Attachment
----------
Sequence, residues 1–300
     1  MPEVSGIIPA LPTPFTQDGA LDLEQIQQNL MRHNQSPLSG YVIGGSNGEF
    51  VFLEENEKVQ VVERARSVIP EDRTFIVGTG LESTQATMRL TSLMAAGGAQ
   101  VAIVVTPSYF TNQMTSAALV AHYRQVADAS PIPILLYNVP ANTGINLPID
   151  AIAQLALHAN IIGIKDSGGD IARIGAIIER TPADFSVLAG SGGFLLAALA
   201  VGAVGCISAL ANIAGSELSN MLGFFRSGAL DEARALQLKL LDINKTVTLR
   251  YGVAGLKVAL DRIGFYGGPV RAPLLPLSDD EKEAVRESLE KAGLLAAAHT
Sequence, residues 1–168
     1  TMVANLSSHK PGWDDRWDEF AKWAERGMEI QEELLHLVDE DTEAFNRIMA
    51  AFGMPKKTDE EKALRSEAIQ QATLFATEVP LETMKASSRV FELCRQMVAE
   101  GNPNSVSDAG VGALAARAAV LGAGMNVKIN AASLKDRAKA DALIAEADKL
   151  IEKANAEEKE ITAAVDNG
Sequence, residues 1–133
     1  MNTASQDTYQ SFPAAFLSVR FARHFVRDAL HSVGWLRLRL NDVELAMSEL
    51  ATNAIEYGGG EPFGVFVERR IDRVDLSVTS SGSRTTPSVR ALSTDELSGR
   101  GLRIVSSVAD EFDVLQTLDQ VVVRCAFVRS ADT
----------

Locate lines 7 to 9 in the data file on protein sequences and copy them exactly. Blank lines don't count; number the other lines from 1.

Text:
   251  YGVAGLKVAL DRIGFYGGPV RAPLLPLSDD EKEAVRESLE KAGLLAAAHT
Sequence, residues 1–168
     1  TMVANLSSHK PGWDDRWDEF AKWAERGMEI QEELLHLVDE DTEAFNRIMA